From April 2023, the lifetime allowance charge will be removed, before the allowance is abolished entirely from April 2024.
This is expected to cost the Exchequer £135mn in 2023-24, £210mn in 2024-23 and then £770mn, £800mn and £835mn in the three tax years that follow.
Currently, the LTA caps the total amount a person can save in a pension without having to pay an additional tax charge.
Under previous plans, the LTA was due to remain at £1.073mn up to and including the 2025/26 tax year, although there had been much speculation in the run-up to the Budget that the cap might be lifted to nearer £1.8mn.
This and other limits to tax-beneficial pension contributions have created a number of distortions to both saving for retirement and career decisions for some higher earners.Samuel McGee, Manning Gee Investments
Luke Thompson, a director at PAB Wealth Management, said he had several customers who were approaching their lifetime allowance, pushing them into an early retirement even though they were not necessarily ready to retire.
“This change will more than likely keep these customers in work until they are ready to retire,” Thompson added.
“By removing the allowance there is a real incentive for people to continue investing in their pensions and keep working until their designated state retirement age.”
But it also looks like it will keep financial advisers in work doing complicated tax planning.
Financial planner Sean Banks, creator of the Lifestyle Finance blog, said: "Anyone else been completely swamped all year so far? With today's budget, doesn't look like there'll be much respite any time soon. Seems there is a supply / demand issue with quality financial planning advice."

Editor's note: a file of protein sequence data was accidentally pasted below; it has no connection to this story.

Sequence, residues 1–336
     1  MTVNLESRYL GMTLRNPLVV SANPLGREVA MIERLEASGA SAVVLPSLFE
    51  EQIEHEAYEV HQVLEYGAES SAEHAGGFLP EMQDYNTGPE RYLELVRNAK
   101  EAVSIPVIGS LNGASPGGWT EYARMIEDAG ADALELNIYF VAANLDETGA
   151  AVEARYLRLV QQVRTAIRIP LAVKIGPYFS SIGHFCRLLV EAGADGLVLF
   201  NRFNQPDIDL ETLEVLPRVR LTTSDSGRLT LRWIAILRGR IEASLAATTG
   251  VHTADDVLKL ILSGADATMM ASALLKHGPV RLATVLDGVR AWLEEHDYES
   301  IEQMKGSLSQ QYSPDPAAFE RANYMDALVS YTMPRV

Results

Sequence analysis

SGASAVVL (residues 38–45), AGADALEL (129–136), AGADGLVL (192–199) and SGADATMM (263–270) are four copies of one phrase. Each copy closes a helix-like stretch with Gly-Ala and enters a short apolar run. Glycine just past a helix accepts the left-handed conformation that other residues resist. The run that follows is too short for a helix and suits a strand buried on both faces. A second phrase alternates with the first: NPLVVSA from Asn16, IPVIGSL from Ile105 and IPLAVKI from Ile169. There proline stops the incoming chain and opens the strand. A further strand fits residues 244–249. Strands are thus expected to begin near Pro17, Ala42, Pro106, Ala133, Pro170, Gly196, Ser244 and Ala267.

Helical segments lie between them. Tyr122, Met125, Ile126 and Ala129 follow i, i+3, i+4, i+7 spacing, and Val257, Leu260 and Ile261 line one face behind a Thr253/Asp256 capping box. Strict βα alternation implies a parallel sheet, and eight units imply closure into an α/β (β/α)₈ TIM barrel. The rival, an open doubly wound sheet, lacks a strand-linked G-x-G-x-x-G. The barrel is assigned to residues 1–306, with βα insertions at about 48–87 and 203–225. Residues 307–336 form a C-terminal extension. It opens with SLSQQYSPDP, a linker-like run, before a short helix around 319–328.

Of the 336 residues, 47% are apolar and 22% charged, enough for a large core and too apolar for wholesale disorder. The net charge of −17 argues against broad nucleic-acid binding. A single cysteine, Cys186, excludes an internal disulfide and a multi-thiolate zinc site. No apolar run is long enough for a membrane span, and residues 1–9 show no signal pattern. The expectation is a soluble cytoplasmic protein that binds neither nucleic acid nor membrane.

Darren Cooke, of Red Circle Financial Planning, tweeted that while Labour leader Sir Kier Starmer might well say: "This Budget changes nothing", that was not quite the reality for advisers.
He shot back: "Unless you are a pensions adviser; then it changes everything."
According to Evelyn Partners, the absence of an LTA from April will return Britain's pension savers to a state of affairs that existed until 2006 when the limit was introduced at the level of £1.5mn, before rising to £1.8mn in 2011.
While the removal of the LTA marks a welcome and unexpected change of direction as the LTA had been reduced in recent years, and was scheduled to be frozen until 2026, it could lead to problems.
Gary Smith, financial planning partner at wealth management firm Evelyn Partners, said the scrapping of the LTA had come as something of a surprise, and had introduced some potential snags that could make the benefits of these higher allowances "ambiguous" for some savers.
One is that a sudden scrapping of the LTA will produce a range of outcomes affecting savers who are in slightly different positions pre- and post-retirement.
Smith said: "It remains to be seen whether likely cliff-edges will be smoothed out in some way."